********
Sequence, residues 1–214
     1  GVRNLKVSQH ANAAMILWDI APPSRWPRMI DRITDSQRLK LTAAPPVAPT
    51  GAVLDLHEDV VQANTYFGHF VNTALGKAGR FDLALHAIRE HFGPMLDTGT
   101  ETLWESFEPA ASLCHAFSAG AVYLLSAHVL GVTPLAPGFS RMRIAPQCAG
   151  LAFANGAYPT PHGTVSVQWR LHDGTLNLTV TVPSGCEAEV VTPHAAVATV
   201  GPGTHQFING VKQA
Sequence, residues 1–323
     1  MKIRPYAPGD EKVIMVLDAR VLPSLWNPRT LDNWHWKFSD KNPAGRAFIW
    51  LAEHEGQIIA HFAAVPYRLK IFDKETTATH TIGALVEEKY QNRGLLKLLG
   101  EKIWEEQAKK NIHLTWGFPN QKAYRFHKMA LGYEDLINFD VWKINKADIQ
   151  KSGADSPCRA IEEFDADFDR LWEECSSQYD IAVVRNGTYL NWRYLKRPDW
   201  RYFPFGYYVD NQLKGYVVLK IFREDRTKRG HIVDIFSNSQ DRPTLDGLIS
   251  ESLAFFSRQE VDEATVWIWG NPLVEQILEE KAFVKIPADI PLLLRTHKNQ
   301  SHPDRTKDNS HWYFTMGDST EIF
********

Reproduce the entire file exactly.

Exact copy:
Sequence, residues 1–214
     1  GVRNLKVSQH ANAAMILWDI APPSRWPRMI DRITDSQRLK LTAAPPVAPT
    51  GAVLDLHEDV VQANTYFGHF VNTALGKAGR FDLALHAIRE HFGPMLDTGT
   101  ETLWESFEPA ASLCHAFSAG AVYLLSAHVL GVTPLAPGFS RMRIAPQCAG
   151  LAFANGAYPT PHGTVSVQWR LHDGTLNLTV TVPSGCEAEV VTPHAAVATV
   201  GPGTHQFING VKQA
Sequence, residues 1–323
     1  MKIRPYAPGD EKVIMVLDAR VLPSLWNPRT LDNWHWKFSD KNPAGRAFIW
    51  LAEHEGQIIA HFAAVPYRLK IFDKETTATH TIGALVEEKY QNRGLLKLLG
   101  EKIWEEQAKK NIHLTWGFPN QKAYRFHKMA LGYEDLINFD VWKINKADIQ
   151  KSGADSPCRA IEEFDADFDR LWEECSSQYD IAVVRNGTYL NWRYLKRPDW
   201  RYFPFGYYVD NQLKGYVVLK IFREDRTKRG HIVDIFSNSQ DRPTLDGLIS
   251  ESLAFFSRQE VDEATVWIWG NPLVEQILEE KAFVKIPADI PLLLRTHKNQ
   301  SHPDRTKDNS HWYFTMGDST EIF